CRISWELL: You know, I think the biggest thing is that every jurisdiction and every state is going to have its own unique circumstances. And you really have to look at what's appropriate for them, right? The population size, the density that we have here in New York City is very different than what you might find in the Midwest, and all of those pieces are part of the puzzle.

And so it really is a matter of taking a very close look at how your communities are being impacted, what's going to be the best for your community.

SCIUTTO: Final question, if I can, I'll admit some personal interest in this, and that I'm born and raised in New York. Will New York be anything like old New York before there is a vaccine, that gives people real confidence --


SCIUTTO: That they have some protection from this?


CRISWELL: You know, I think what we've seen and what we've learned is that New Yorkers really rose to the occasion, and that we can change how we do things. I think that you are going to see some differences, and we're going to have changes in how we approach the workplace and how we interact with people on a daily basis, especially until we get a vaccine in place.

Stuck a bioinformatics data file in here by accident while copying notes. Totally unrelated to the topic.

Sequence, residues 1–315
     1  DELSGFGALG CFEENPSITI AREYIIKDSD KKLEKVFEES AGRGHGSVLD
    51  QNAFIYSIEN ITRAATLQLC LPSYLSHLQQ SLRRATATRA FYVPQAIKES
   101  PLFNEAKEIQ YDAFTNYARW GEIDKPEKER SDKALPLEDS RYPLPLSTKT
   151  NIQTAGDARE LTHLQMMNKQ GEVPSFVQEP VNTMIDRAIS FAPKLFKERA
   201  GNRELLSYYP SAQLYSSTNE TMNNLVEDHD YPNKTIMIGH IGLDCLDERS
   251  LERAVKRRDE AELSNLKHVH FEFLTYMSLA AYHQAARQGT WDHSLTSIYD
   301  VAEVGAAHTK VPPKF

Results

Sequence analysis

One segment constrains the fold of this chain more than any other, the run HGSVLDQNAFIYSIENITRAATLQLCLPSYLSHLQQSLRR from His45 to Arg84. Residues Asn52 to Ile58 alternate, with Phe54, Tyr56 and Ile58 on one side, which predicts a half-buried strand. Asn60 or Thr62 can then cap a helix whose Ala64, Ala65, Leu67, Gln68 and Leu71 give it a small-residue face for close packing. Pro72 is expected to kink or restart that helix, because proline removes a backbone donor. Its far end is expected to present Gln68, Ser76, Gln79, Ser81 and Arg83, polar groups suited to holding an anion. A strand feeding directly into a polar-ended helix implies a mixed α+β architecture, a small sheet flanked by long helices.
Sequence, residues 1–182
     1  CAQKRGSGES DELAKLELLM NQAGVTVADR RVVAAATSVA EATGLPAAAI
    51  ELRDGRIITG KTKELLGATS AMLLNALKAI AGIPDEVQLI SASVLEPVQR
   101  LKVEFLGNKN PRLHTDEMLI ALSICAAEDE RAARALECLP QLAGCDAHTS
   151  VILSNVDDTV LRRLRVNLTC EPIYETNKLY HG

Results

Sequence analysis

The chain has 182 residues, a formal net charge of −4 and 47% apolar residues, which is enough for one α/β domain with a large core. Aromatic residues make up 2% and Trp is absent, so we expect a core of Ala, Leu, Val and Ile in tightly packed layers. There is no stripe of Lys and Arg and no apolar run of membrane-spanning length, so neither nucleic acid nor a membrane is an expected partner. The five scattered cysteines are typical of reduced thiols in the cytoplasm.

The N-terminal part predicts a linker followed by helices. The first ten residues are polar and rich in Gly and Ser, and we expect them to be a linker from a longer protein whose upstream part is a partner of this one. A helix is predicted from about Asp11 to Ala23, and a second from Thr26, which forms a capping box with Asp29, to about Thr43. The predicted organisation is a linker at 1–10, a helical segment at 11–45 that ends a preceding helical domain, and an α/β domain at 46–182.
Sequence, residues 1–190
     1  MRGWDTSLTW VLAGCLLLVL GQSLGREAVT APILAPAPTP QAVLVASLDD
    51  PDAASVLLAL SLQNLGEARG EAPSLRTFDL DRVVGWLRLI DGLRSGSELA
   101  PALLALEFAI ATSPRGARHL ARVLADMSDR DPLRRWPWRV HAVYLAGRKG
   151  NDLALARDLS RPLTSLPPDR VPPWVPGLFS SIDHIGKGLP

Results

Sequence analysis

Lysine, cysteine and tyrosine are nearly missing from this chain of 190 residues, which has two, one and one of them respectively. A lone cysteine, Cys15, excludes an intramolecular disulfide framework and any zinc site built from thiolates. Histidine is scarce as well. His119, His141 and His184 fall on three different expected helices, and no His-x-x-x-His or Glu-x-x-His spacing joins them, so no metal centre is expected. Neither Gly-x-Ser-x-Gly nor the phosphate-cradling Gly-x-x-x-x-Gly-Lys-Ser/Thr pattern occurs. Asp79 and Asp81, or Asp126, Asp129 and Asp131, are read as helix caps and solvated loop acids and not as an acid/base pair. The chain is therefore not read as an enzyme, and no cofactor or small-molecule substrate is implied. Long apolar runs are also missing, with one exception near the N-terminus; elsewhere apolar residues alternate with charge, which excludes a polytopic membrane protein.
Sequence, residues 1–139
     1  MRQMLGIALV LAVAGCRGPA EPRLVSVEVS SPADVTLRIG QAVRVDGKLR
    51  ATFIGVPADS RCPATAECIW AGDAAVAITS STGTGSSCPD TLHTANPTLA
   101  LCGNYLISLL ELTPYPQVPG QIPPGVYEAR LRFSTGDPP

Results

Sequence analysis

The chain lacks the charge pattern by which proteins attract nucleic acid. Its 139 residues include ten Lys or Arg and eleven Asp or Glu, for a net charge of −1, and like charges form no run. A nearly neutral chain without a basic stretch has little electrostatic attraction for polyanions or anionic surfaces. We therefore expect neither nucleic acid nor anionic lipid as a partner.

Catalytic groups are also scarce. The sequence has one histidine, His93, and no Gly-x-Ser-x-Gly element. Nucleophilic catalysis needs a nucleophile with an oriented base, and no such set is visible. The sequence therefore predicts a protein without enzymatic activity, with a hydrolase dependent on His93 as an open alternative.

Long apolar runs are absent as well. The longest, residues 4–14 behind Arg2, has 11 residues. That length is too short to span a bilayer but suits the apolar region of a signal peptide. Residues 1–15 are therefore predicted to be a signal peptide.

And so I think that the culture has already shifted, and I think that we're going to continue to see, you know, that kind of social interaction change as we go through this recovery period.

SCIUTTO: Well, Deanne Criswell, we always appreciate you taking time out of what we know as a busy day for you, you've got a lot on your plate, we wish you --


SCIUTTO: And the people of New York the best of luck.

CRISWELL: Thank you very much, Jim, have a great --

SCIUTTO: Well, we're just moments away from the opening bell on Wall Street. We're going watch to see how investors react this morning to the new jobless claims report, 3.2 million more Americans filed for first-time unemployment benefits last week. I mean, that number is just off the charts. But the odd fact is it's down a bit from even bigger numbers in previous weeks. CNN's chief business correspondent Christine Romans will help us break it all down. That's next.